10-03-2023 12:41 PM
Many parents find that the final year of school is a stressful time not only for their teen but for the whole family. It’s normal to feel unprepared and to get caught up in the anxiety your teen is feeling. The final years of school encompass so many more measures of success than academic marks alone. It’s an essential time to learn life skills which are valuable beyond year 12, like creating routines, managing procrastination, prioritising tasks, fostering social connections and taking control of personal wellbeing. While you can’t sit your teen’s exams for them, it’s important to be a consistent and grounding presence in their studies, especially when they are experiencing mental health challenges around their assessments. We’re going to discuss here how you can help your teen with their studies.
One thing parents and teens may not see eye-to-eye on is the importance of studies and final exams. Even if a parent never talks about this directly, by adolescence a young person may have internalised ideas about what success looks like from the parent’s perspective. It’s possible for parents to overestimate how important marks are and underestimate options outside of school, or a parent who hasn’t been to university to not be as familiar with the importance of final assessments.
It can help to understand the underlying values that are at play when there are disagreements. You can ask: what is it that each of you value about doing well in school? What does it mean to not get the desired result? Are you considering an external maker of success? Even if you and your teen value different things, it can help to validate their perspective, and to consider all aspects of their life around studies where balance can be created.
Your relationship with your teen’s studies
Building an ongoing relationship with your teen’s time studying can help you not only check in on their wellbeing, but shows them that you’re someone who they can come to in moments where they’re feeling overwhelmed. Have a look at this comment from the parent of a 2020 HSC student:
My main strategy was to always keep communication open around anything and everything. I would constantly check in with her and listen to what was going on. The urge to fix everything was so strong and as a parent you just want to make everything better for your child. However this just annoyed and aggravated her and deep down I knew that building resilience is very important for a teenager’s development. So I would just listen, listen, listen and validate her feelings. This definitely helped her a lot and she opened up to me more knowing there would be no judgement or unwanted advice. Sometimes just letting her know I was here if she wanted to talk would be enough.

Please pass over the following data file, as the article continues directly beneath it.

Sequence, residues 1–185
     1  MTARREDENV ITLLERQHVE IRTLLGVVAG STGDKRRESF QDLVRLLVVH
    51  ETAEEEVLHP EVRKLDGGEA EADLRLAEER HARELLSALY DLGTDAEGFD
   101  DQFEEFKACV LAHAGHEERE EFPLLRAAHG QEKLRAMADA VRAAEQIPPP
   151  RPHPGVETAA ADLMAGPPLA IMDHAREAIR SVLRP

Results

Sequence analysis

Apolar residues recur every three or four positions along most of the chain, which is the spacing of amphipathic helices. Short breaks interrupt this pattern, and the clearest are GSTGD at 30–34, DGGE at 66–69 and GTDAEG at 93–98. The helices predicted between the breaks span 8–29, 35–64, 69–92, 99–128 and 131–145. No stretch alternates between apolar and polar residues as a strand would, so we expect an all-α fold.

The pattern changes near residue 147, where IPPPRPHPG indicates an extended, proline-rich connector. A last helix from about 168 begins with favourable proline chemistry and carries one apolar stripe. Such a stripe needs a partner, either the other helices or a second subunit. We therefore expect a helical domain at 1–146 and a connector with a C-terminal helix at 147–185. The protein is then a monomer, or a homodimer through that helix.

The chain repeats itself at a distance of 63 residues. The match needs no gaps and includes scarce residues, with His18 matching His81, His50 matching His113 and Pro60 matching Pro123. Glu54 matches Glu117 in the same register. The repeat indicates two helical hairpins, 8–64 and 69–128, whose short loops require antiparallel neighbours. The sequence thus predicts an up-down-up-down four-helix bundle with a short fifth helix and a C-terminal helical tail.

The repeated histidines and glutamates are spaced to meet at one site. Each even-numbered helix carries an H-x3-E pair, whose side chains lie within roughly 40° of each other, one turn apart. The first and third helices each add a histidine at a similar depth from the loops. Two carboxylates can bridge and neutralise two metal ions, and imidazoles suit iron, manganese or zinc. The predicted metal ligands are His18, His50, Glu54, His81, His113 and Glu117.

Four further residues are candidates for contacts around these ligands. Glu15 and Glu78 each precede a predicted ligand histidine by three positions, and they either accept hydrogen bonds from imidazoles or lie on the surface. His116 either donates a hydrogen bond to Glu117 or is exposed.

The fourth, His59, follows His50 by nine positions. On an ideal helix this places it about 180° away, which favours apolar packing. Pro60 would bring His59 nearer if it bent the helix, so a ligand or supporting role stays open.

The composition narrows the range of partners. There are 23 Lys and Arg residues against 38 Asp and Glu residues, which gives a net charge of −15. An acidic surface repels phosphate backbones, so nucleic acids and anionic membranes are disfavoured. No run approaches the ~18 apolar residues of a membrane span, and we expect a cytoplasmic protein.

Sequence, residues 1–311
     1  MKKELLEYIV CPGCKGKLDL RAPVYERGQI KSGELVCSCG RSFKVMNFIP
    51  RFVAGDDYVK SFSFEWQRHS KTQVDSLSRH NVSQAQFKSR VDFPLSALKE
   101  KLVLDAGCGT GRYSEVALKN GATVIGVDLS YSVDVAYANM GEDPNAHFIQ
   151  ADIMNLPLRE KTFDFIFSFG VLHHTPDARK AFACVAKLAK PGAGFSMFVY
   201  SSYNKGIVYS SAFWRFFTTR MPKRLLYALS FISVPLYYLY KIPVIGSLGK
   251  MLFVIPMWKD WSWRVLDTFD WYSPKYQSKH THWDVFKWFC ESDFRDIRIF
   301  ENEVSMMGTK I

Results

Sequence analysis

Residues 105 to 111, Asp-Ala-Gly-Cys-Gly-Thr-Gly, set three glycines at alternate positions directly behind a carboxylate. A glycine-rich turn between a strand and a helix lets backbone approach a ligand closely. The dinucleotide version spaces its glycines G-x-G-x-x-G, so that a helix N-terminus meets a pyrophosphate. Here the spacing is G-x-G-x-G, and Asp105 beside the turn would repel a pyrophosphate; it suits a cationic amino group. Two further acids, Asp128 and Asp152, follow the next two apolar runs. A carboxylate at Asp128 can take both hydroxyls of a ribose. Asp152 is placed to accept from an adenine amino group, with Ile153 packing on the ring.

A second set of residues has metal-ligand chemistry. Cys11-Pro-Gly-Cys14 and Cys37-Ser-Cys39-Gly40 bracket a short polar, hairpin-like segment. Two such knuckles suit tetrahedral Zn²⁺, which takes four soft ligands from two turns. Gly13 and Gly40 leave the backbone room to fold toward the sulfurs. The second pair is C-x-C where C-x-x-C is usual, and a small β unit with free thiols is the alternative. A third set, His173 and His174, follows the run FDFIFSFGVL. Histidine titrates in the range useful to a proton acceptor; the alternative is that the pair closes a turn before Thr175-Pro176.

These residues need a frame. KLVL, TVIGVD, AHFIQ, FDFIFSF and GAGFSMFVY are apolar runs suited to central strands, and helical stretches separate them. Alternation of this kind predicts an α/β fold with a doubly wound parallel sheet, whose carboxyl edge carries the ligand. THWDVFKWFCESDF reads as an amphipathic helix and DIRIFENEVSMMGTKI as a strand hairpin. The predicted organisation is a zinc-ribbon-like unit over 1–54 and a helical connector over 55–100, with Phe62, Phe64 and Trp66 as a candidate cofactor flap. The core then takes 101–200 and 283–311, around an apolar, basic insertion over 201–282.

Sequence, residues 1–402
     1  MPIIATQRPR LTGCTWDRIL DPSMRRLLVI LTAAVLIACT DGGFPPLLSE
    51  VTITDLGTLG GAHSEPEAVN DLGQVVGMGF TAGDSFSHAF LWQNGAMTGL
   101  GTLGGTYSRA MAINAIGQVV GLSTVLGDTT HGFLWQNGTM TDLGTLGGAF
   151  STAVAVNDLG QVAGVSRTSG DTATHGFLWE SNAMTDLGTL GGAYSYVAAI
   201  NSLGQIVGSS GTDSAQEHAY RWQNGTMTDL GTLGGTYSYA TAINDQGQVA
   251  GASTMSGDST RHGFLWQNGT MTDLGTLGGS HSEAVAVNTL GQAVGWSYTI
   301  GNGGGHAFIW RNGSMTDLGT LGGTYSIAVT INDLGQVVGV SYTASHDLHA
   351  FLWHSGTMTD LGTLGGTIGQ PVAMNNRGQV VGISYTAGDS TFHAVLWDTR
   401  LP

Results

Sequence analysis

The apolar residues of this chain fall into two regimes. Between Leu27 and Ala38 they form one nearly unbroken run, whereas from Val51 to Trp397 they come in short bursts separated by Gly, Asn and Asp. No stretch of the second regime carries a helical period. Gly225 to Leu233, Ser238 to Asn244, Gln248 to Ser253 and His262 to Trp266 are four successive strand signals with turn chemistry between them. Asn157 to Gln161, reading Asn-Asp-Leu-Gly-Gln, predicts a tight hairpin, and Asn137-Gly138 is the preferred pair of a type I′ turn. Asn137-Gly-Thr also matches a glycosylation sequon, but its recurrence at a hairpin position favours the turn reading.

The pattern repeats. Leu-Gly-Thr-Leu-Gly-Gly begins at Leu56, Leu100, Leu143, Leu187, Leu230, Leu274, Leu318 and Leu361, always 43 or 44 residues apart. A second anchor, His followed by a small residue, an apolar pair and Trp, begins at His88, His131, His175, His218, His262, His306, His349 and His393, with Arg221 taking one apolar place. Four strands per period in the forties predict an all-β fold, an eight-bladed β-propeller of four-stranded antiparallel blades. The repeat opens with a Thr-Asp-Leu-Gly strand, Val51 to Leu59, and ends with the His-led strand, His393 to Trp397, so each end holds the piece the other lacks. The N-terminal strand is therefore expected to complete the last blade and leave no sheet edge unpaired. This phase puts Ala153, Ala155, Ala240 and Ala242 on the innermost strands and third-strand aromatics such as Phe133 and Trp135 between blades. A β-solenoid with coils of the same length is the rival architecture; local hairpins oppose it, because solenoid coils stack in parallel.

Some ways to support your teen while they’re studying might include:
If you have found yourself in difficult situations in work or studies, sharing your strategies with your teen can also help them feel like they’re not alone and give them practical suggestions for how to manage their own stress.
When your teen is focusing on failure
Sometimes a teen will have moments where they feel like they’ve failed in their studies and it overwhelms them. When a teen is catastrophising before or after an exam, it’s often instinctual to want to reassure your teen. However, this can be the opposite of helpful, and feel invalidating to the real stress and fear of consequences that may be felt. Instead, you can meet your teen at their level of stress, allowing them to see that you are on their team and are seeking to understand how they’re feeling. This doesn't mean you need to agree with them if they seem to be overestimating the likelihood that they have done badly, but it helps to really listen to and seek to understand how they are feeling. Asking questions about what they think contributed to the failure can allow your teen to reflect on the skills they need to develop or consider reevaluating their own expectations.
If your teen has always struggled with studying, perhaps they need to get extra help, routine, or reconsider their after-school pathways. There are many alternatives to university which are often not emphasised by the schooling system, such as taking a gap year, seeking work, or TAFE. Giving these alternatives and reframing failure as a delay, rather than an end, may help your teen to relax and be able to work their hardest regardless, especially if you can provide examples of people who have done the same.
Resources from ReachOut
With these suggestions in mind, we wish you and your teens luck on their final exams!
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